Mississippi lawmakers voted Sunday to retire the Confederate battle emblem from its state flag following widespread, increased pressure that came in part from the world of sports. Mississippi's House and Senate voted in succession Sunday afternoon to retire the flag, with broad bipartisan support. Republican Gov. Tate Reeves has said he will sign the bill, and the state flag would lose its official status as soon as he signs the measure. Mississippi is the only state flag that continues to feature the banner of the Confederacy -- a blue cross with 13 white stars. The state has faced pressure to change its flag during the past month amid worldwide protests against racial injustice in the United States. In 2015, the NCAA allowed South Carolina to host championships again after the state stopped flying the Confederate flag at its state Capitol following the murder of nine members of the historically black Emanuel African Methodist Church in Charleston. "We removed the flag from our campus five years ago, so we've made it clear that it doesn't represent who we are at Ole Miss," Kiffin told ESPN last week. "Today is another big step in doing our part to move the state forward and ensure a more welcoming environment for everyone. This is extremely important to me and to our players. Time to change!"
2020 WNBA power rankings: Seattle Storm replace Washington Mystics at No. 1
When we posted our initial 2020 WNBA power rankings after the league's draft in April, there was no certainty there would be a season because of the coronavirus pandemic. June 24 was technically the deadline for players to announce whether they're playing or opting out for 2020. But there might still be more roster movement if players are deemed medically exempt based on pre-existing conditions, or if more players test positive and can't join their teams in time for the start of the season.
Here are our updated rankings based on the current rosters through Monday.
Mississippi Gov. Tate Reeves signs bill officially changing state flag
Mississippi Gov. Tate Reeves on Tuesday signed a bill to retire the last state flag in the U.S. with the Confederate battle emblem following widespread, increased pressure that came in part from the sports world."This is not a political moment to me but a solemn occasion to lead our Mississippi family to come together, to be reconciled, and to move on," Reeves said in a statement. "We are a resilient people defined by our hospitality. We are a people of great faith. Now, more than ever, we must lean on that faith, put our divisions behind us, and unite for a greater good.'' Mississippi has faced increasing pressure to change its flag since protests against racial injustice have focused attention on Confederate symbols.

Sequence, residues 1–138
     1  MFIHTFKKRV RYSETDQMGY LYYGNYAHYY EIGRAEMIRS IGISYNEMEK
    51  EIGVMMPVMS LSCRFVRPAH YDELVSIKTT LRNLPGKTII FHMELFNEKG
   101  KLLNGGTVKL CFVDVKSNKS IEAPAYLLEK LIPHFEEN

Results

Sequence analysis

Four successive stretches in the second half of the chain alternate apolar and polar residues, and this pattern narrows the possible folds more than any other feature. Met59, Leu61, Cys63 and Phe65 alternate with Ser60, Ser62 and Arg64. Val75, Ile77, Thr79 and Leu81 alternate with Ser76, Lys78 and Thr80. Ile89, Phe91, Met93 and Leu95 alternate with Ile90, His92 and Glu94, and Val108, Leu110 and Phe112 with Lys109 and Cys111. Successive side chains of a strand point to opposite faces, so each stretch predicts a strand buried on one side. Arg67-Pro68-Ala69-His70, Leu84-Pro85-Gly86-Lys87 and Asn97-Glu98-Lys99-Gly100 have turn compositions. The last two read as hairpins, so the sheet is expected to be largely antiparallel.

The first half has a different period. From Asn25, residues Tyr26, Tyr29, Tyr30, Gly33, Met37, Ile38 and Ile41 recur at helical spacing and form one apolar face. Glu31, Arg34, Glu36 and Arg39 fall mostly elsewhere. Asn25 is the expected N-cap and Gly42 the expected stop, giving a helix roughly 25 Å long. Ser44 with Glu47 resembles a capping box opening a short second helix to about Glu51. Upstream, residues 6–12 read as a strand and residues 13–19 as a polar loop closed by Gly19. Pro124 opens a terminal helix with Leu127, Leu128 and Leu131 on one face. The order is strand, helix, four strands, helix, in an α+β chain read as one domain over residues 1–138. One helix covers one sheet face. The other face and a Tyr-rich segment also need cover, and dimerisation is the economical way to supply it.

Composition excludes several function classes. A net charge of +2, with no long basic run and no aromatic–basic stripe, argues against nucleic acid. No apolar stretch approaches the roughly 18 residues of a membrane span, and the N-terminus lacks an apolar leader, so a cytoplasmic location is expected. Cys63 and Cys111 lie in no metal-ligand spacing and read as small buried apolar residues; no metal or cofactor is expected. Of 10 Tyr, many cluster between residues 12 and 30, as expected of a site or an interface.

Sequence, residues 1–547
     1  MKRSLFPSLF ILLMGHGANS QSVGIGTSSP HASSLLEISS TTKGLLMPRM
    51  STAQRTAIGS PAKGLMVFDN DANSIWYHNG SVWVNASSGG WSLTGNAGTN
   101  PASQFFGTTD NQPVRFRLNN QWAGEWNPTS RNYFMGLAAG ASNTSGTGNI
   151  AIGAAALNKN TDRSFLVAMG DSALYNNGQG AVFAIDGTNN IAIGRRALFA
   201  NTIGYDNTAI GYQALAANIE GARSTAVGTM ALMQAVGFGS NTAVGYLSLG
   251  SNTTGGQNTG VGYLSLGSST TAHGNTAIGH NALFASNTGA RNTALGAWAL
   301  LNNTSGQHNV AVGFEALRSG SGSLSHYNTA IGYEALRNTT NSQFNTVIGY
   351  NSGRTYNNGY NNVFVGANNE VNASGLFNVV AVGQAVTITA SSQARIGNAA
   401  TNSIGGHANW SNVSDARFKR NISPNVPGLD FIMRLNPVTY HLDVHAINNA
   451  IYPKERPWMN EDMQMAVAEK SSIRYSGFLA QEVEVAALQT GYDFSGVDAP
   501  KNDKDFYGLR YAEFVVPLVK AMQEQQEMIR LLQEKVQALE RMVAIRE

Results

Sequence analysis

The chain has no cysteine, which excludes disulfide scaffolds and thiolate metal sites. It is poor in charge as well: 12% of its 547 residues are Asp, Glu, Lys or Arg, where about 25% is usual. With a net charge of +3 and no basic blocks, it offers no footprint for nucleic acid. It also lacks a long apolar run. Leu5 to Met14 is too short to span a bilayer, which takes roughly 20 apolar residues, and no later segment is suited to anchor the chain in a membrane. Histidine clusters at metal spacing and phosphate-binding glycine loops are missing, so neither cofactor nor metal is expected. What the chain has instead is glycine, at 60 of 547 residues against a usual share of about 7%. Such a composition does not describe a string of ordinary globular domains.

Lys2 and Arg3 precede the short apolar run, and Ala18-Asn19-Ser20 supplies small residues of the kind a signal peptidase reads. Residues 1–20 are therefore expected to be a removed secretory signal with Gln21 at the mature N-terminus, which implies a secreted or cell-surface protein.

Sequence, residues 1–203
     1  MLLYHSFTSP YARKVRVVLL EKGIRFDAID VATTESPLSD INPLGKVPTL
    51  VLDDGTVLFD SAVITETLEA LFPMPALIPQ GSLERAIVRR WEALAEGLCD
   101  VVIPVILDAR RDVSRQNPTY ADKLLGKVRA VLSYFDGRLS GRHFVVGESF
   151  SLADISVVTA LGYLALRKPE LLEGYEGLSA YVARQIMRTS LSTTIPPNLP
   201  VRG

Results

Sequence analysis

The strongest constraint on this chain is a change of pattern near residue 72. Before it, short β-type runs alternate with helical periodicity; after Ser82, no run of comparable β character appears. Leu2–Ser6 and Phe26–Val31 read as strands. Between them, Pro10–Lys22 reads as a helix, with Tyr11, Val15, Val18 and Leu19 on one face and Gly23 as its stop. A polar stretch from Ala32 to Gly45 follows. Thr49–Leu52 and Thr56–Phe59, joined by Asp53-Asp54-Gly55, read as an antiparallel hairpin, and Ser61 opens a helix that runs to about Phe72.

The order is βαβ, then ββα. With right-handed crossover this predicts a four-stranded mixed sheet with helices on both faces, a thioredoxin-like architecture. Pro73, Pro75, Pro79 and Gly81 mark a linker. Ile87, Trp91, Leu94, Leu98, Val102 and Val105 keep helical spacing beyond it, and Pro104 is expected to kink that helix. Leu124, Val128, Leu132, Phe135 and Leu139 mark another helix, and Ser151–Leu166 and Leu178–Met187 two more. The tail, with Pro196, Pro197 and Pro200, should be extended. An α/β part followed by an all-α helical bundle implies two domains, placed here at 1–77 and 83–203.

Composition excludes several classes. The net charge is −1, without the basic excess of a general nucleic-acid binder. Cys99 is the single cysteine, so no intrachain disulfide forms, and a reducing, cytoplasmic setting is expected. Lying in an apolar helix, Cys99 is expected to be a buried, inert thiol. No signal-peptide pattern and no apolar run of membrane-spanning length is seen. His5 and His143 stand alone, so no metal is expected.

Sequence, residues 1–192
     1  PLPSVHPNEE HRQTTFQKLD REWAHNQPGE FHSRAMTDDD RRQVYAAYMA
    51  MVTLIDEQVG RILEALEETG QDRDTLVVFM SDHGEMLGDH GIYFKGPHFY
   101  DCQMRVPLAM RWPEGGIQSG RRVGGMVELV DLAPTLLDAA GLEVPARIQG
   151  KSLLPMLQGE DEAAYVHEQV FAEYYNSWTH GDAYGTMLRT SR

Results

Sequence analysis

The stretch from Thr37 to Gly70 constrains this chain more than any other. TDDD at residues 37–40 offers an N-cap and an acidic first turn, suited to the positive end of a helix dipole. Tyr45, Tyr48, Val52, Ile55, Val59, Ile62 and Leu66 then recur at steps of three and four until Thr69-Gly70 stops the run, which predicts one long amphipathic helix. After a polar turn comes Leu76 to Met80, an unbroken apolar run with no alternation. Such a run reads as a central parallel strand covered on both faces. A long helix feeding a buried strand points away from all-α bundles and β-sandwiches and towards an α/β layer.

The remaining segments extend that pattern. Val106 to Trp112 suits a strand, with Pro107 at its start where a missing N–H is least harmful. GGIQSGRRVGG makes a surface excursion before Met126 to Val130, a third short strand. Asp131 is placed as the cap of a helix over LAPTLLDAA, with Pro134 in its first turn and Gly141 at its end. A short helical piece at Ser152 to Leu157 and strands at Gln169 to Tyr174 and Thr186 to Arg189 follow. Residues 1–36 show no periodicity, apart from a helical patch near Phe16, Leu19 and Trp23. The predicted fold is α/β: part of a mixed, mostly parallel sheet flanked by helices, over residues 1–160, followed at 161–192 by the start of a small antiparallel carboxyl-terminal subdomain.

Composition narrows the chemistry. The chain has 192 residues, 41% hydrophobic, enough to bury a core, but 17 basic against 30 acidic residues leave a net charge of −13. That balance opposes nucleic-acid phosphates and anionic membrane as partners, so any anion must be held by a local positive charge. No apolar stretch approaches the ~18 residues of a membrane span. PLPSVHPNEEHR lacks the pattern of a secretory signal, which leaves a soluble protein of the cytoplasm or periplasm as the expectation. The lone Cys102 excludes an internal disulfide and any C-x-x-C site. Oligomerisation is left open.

Texas responds to football players' requests with sweeping changes
A month after Texas football players requested a list of changes be made on campus, Texas has responded with to a sweeping plan to "redefine campus symbolism," including the renaming of Texas' football field for Earl Campbell and Ricky Williams and a statue for Texas' first Black football letterman. On June 12, Longhorns players released a statement requesting the removal of "The Eyes of Texas" as the school song, the renaming of four campus buildings that are named after Confederate or racist figures, more diverse statues by people of color, a permanent Black athletic history in the school's athletics Hall of Honor and the renaming of part of Darrell K Royal-Texas Memorial Stadium after Julius Whittier, who in 1970 became the first Black player to letter for the Longhorns. The players included a demand to rename several campus buildings named for Confederate or racist figures, including: